Examining the presence and nature of delusions in Alzheimer's disease and frontotemporal dementia syndromes

Kumfor, Fiona, Liang, Cheng Tao, Hazelton, Jessica L., Leyton, Cristian E., Kaizik, Cassandra, Devenney, Emma, Connaughton, Emily, Langdon, Robyn, Mioshi, Eneida, Kwok, John B., Dobson-Stone, Carol, Halliday, Glenda M., Piguet, Olivier, Hodges, John R. and Landin-Romero, Ramon (2022) Examining the presence and nature of delusions in Alzheimer's disease and frontotemporal dementia syndromes. International Journal of Geriatric Psychiatry, 37 (3). ISSN 0885-6230

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Abstract

Objectives Abnormal beliefs and delusions have been reported in some people with dementia, however, the prevalence of delusions, and their neurocognitive basis has been underexplored. This study aimed to examine the presence, severity, content and neural correlates of delusions in a large, well-characterised cohort of dementia patients using a transdiagnostic, cross-sectional approach. Methods Four-hundred and eighty-seven people with dementia were recruited: 102 Alzheimer's disease, 136 behavioural-variant frontotemporal dementia, 154 primary progressive aphasia, 29 motor neurone disease, 46 corticobasal syndrome, 20 progressive supranuclear palsy. All patients underwent neuropsychological assessment and brain magnetic resonance imaging, and the Neuropsychiatric Inventory was conducted with an informant, by an experienced clinician. Results In our cohort, 48/487 patients (10.8%) had delusions. A diagnosis of behavioural-variant frontotemporal dementia (18.4%) and Alzheimer's disease (11.8%) were associated with increased risk of delusions. A positive gene mutation was observed in 11/27 people with delusions. Individuals with frequent delusions performed worse on the Addenbrooke's Cognitive Examination (p = 0.035), particularly on the orientation/attention (p = 0.022) and memory (p = 0.013) subtests. Voxel-based morphometry analyses found that increased delusional psychopathology was associated with reduced integrity of the right middle frontal gyrus, right planum temporale and left anterior temporal pole. Conclusion Our results demonstrate that delusions are relatively common in dementia and uncover a unique cognitive and neural profile associated with the manifestation of delusions. Clinically, delusions may lead to delayed or misdiagnosis. Our results shed light on how to identify individuals at risk of neuropsychiatric features of dementia, a crucial first step to enable targeted symptom management.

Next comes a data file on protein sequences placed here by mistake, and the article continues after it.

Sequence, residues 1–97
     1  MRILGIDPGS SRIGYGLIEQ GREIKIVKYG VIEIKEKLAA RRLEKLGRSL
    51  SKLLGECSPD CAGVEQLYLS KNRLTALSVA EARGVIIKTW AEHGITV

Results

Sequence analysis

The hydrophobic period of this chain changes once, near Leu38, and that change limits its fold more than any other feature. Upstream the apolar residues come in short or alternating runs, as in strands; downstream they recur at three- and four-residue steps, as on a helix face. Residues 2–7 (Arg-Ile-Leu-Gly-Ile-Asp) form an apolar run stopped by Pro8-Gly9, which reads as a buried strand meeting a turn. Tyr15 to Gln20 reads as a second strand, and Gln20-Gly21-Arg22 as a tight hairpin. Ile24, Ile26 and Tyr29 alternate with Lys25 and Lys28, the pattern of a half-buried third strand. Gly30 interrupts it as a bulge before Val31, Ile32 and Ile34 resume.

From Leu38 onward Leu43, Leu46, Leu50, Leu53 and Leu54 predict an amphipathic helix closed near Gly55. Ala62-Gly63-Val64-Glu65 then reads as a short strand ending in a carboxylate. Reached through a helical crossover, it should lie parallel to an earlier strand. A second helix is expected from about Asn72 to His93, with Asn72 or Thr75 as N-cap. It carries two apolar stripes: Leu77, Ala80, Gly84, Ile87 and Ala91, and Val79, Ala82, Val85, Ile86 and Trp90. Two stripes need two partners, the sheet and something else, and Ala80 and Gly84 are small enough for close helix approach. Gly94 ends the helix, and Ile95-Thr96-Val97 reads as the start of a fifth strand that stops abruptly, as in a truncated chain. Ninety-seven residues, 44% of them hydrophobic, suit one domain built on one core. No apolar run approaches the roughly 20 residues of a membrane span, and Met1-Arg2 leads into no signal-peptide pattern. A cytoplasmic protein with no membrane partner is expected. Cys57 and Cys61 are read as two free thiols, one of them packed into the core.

Item Type: Article
Additional Information: Funding Information: The authors are grateful to all the patients and their families for supporting our research. This work was supported in part by funding to ForeFront, a collaborative research group dedicated to the study of frontotemporal dementia and motor neuron disease, from the National Health and Medical Research Council (NHMRC) (GNT1037746, GNT1095127) and the Australian Research Council (ARC) Centre of Excellence in Cognition and its Disorders Memory Program (CE11000102), including a Cross Program Support Scheme grant. Fiona Kumfor is supported by an NHMRC Career Development Fellowship (GNT1158762). Jessica L. Hazelton is supported by an NHMRC Postgraduate Scholarship (GNT1168597). Olivier Piguet is supported by an NHMRC Senior Research Fellowship (GNT1103258). John B. Kwok is supported by an NHMRC Dementia Research Team Grant (GNT1095127). Carol Dobson-Stone is supported by an NHMRC Boosting Dementia Research Leadership Fellowship (GNT1138223). Glenda M. Halliday is a NHMRC Senior Principal Research Fellow (GNT1079679). Ramon Landin-Romero is supported by the Appenzeller Neuroscience Fellowship in Alzheimer's Disease and the ARC Centre of Excellence in Cognition and its Disorders Memory Program (CE110001021). The authors acknowledge the Sydney Informatics Hub at the University of Sydney for providing access to High Performance Computing resources. Open access publishing facilitated by The University of Sydney, as part of the Wiley ? The University of Sydney agreement via the Council of Australian University Librarians. Ethics Approval: This study was performed in line with the principles of the Declaration of Helsinki. Approval was granted by the South Eastern Sydney Local Health District Human Research Ethics Committee (HREC ref no. 10/126 & 13/177).
Uncontrolled Keywords: alzheimer's disease,c9orf72,cognitive impairment,frontotemporal dementia,primary progressive aphasia,psychosis,research domain criteria (rdoc),structural imaging,geriatrics and gerontology,psychiatry and mental health ,/dk/atira/pure/subjectarea/asjc/2700/2717
Faculty \ School: Faculty of Medicine and Health Sciences > School of Health Sciences
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Depositing User: LivePure Connector
Date Deposited: 25 Feb 2022 13:30
Last Modified: 11 May 2022 00:44
URI: https://ueaeprints.uea.ac.uk/id/eprint/83699
DOI: 10.1002/gps.5692

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